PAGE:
Jakarta (ANTARA News) – Indonesian satellite LAPAN A3 was launched in India on Wednesday, June 22 aboard the India-owned Polar Satellite Launch Vehicle (PSLV-C34).
Indonesias LAPAN A3 was launched together with 19 other satellites from the United States, Germany and Canada, according to a press release from the Embassy of the Republic of Indonesia to India in New Delhi received here on Thursday.
According to the embassy, the satellite launch was conducted at the Satish Dhawan Space Centre, Sriharikota, India.
The launch was witnessed by a delegation from the Indonesian National Institute of Aeronautics and Space (LAPAN), Bogor Agricultural Institute (IPB), Ministry for Economic Affairs and representatives of the Indonesian Embassy in New Delhi and the International Tech Park Chennai (ITPC).
LAPAN A3 is a micro satellite, built in collaboration with IPB and LAPAN, which functions as an earth observation tool for land use monitoring, natural resources and the environment.
The satellite is the third Indonesia-owned satellite launched with Indian rocket launchers.
Earlier, Indonesian satellite LAPAN TUBSAT was launched in 2007 and LAPAN A2 was launched in 2015.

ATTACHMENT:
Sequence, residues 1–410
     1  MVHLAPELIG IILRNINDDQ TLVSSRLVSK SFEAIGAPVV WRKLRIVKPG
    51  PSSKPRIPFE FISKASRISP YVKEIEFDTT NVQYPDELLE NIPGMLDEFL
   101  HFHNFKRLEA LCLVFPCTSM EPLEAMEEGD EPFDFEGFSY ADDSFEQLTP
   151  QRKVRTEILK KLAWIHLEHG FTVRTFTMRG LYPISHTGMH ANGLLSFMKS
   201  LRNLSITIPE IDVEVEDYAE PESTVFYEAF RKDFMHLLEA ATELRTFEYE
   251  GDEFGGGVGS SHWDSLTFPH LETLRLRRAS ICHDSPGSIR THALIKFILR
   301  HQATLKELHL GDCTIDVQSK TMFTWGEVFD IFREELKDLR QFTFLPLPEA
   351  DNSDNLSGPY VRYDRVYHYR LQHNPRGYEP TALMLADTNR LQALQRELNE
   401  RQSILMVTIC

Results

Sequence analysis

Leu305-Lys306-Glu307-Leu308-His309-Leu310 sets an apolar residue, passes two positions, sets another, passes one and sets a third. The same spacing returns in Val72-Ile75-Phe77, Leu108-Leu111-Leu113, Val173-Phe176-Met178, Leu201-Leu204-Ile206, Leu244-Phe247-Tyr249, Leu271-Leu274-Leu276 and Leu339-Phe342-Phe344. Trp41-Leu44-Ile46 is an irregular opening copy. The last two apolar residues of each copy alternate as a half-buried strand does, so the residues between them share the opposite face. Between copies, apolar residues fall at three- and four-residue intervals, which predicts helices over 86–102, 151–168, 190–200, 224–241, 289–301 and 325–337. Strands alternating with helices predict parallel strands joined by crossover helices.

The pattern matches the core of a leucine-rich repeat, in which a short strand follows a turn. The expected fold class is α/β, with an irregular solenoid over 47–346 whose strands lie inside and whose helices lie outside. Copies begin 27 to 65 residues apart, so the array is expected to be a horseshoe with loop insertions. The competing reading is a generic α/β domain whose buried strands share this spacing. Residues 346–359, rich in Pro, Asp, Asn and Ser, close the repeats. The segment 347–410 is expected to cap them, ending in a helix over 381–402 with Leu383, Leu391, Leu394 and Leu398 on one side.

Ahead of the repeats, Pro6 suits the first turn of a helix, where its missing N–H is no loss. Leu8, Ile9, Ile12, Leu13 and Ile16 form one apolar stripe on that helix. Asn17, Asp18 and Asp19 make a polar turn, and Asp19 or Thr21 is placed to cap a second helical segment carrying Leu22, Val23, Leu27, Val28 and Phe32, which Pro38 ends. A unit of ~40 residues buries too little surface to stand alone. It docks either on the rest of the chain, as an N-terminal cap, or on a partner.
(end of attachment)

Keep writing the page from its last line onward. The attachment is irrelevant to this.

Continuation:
The launch was the biggest satellite launch ever undertaken by the Indian Space Research Organization (ISRO).
Similar to the previous satellite generation (Lapan-A2/ORARI), the Lapan A3 satellite is also equipped with the Automatic Identification System (AIS) to monitor global marine traffic.
If previously the Lapan-A2 was orbiting the earth around the equator, then the Lapan-A3 is orbiting the earth across the North Pole and the South Pole of the earth (polar orbit), so it will complement the monitoring of data traffic of ships from satellites.
These satellites have a vessel monitoring mission to complement the data obtained from the Lapan A2 satellite.
With the launch of the satellite, Lapan A3 is expected to provide more accurate information as it will be orbiting Indonesia more often.
Moreover, Lapan A3s other mission is to measure the Earths magnetic field and as an experimental test mission of the new equipment developed by Indonesian Lapan engineers.
Indonesian National Institute of Aeronautics and Space began developing a satellite in 2007, with LAPAN A1 after undergoing training in Germany and then produced their own next generation LAPAN A2, which was launched in 2014